At the time, Mullen was embroiled in the Obama administration’s protracted review of strategy in Afghanistan. Assembling a seasoned corps of expert officers was urgent as it became clear the president would announce a timetable to withdraw troops. “The program demands the best and brightest leaders our Services have to offer,” Mullen wrote in the memo to the chiefs. When one of his own—his chief speechwriter at the Pentagon and a highly regarded Air Force officer named Lt. Col. Tim Kirk—volunteered for the assignment, Mullen signed the order to let him go.

Kirk, now a full colonel, began language training two years ago. When I met with him last fall in Kabul he had just signed on for his third deployment (leaving his family in Virginia). He says he has no regrets about stepping off the Pentagon career track, where he’d likely be on his way to becoming a one-star.

Despite the long stay in Afghan-istan, Kirk carries with him a breathless sense of having a lot to do in a short time. Over the summer he prepared a PowerPoint presentation on battling corruption—what he calls “breaking the cycle of impunity with the cycle of integrity.” He shows it to Afghans all over the country, from top government officials to aspiring business students at Kabul University.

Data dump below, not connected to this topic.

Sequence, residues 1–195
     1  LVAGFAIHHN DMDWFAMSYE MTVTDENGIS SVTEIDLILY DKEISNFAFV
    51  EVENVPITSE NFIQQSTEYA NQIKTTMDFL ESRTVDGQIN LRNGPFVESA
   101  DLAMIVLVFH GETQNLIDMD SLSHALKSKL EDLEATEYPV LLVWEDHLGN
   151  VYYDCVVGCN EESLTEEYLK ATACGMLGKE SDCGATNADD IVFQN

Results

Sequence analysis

Kirk says that being a student of U.S. military history and now of Afghanistan’s past and present makes him an optimist. He can tick off Afghanistan’s challenges—“corrupt officials, weak law enforcement, narcotics, criminal networks, insurgency”—but he also likes to point out that George Washington was 15 years old when the first Afghan election took place, the Loya Jirga of 1747.

“It may be naïve to think this is possible, but I believe the founding of our country is based on the principle that man can govern himself,” said Kirk. “So I don’t believe there is anything fundamental about any other culture or ethnic or regional group of people that makes this impossible.”

What remains to be seen is whether Kirk and the others who’ve joined Afghan Hands can actually exert a significant influence on the political culture of a country of some 30 million in whatever time they have left.

Mindy Belz is editor of World magazine.